Five Dysfunctions of a Team — Fear of Conflict

In yesterday’s post, I was explaining about the latest book that I was finished reading: Five Dysfunctions of a team and the first dysfunction — the absence of trust. If you didn’t read it, go read yesterday’s post and come back.

Continuing from where I left, when a team doesn’t trust each other, it would lead to the second dysfunction — Fear of Conflict. Any good relationship if it needs to last over time and grow continuously, needs to have conflicts. Whether it is a marriage, friends, business or in a team there need to be open conflicts.

But people try to avoid conflict, especially at work as it is many times considered negative and unproductive. Petty interpersonal politics is different from productive ideological conflicts.

The goal of having a conflict and teams intensely and passionately arguing is to produce the best possible solution for the problem. Many times having an open argument about the problems and issues at hand lead to resolving them quickly and completely. And since the team members know that there is nothing personal about the conflict, they don’t hurt each other’s feelings.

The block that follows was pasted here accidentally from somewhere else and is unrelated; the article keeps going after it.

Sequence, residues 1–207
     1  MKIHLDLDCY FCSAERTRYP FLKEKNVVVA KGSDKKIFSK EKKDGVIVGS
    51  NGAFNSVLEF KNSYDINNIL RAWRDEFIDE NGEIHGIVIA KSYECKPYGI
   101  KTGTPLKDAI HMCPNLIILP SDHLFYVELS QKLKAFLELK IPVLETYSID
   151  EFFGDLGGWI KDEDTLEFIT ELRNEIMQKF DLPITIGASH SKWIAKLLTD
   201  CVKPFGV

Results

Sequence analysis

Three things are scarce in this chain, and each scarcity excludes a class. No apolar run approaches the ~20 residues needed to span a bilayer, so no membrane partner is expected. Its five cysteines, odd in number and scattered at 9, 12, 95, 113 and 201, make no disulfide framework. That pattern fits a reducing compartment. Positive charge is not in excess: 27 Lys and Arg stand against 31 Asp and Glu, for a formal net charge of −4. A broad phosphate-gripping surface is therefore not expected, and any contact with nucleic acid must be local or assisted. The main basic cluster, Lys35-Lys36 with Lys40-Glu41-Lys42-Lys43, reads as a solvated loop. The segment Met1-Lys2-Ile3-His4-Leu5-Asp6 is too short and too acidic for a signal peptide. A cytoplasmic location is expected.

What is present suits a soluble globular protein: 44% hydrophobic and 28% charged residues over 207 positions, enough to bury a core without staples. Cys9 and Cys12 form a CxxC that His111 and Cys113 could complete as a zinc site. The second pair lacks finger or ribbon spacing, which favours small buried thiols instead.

Only when the team members do not openly debate or argue on important ideas/decisions, it turns to back-channel gossip and personal attacks. This kind of behaviour is more toxic than having a healthy argument in the first place.

So how do you overcome this dysfunction?

The team members have to first understand that conflict is productive and healthy. Each member should be able to air their honest opinion about any issue and others must learn to listen to their opinions openly.

Once the first dysfunction (Absence of trust) is removed, each team member would realise that any opinion they hear is not a personal attack, but instead about the actual issue they are discussing.

When people start trusting each other that they won’t use their mistakes and weaknesses, they will have better arguments and openness in their conflicts.

Often times the arguments become heated and might become messy, but as long as the members understand the true goal of the argument, they will come to a good resolution.

How this causes the third dysfunction

Only when a team has a good and healthy argument about the decisions it takes, each member would begin asking about other’s perspectives and opinions. Unless everyone’s opinions are heard and discussed, it would be difficult to get a buy-in from the entire team. Which leads to our third dysfunction: Lack of Commitment. Wait for tomorrow’s post to learn about this dysfunction.


Originally published at Srinivasan Rangarajan.